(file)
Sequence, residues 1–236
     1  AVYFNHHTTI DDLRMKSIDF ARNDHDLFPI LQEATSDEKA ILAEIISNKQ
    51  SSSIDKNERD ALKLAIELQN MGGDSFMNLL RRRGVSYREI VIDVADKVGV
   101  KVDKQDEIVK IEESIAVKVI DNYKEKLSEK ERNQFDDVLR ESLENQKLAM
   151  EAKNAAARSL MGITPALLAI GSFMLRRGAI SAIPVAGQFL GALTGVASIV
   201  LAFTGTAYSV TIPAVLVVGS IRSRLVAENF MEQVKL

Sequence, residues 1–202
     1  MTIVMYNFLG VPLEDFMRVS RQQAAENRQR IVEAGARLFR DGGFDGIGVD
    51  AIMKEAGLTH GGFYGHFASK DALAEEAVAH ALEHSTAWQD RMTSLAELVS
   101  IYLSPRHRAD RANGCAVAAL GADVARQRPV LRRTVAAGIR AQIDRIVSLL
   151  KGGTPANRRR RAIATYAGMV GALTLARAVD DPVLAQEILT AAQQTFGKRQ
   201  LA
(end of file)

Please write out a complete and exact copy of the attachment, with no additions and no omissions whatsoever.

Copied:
Sequence, residues 1–236
     1  AVYFNHHTTI DDLRMKSIDF ARNDHDLFPI LQEATSDEKA ILAEIISNKQ
    51  SSSIDKNERD ALKLAIELQN MGGDSFMNLL RRRGVSYREI VIDVADKVGV
   101  KVDKQDEIVK IEESIAVKVI DNYKEKLSEK ERNQFDDVLR ESLENQKLAM
   151  EAKNAAARSL MGITPALLAI GSFMLRRGAI SAIPVAGQFL GALTGVASIV
   201  LAFTGTAYSV TIPAVLVVGS IRSRLVAENF MEQVKL

Sequence, residues 1–202
     1  MTIVMYNFLG VPLEDFMRVS RQQAAENRQR IVEAGARLFR DGGFDGIGVD
    51  AIMKEAGLTH GGFYGHFASK DALAEEAVAH ALEHSTAWQD RMTSLAELVS
   101  IYLSPRHRAD RANGCAVAAL GADVARQRPV LRRTVAAGIR AQIDRIVSLL
   151  KGGTPANRRR RAIATYAGMV GALTLARAVD DPVLAQEILT AAQQTFGKRQ
   201  LA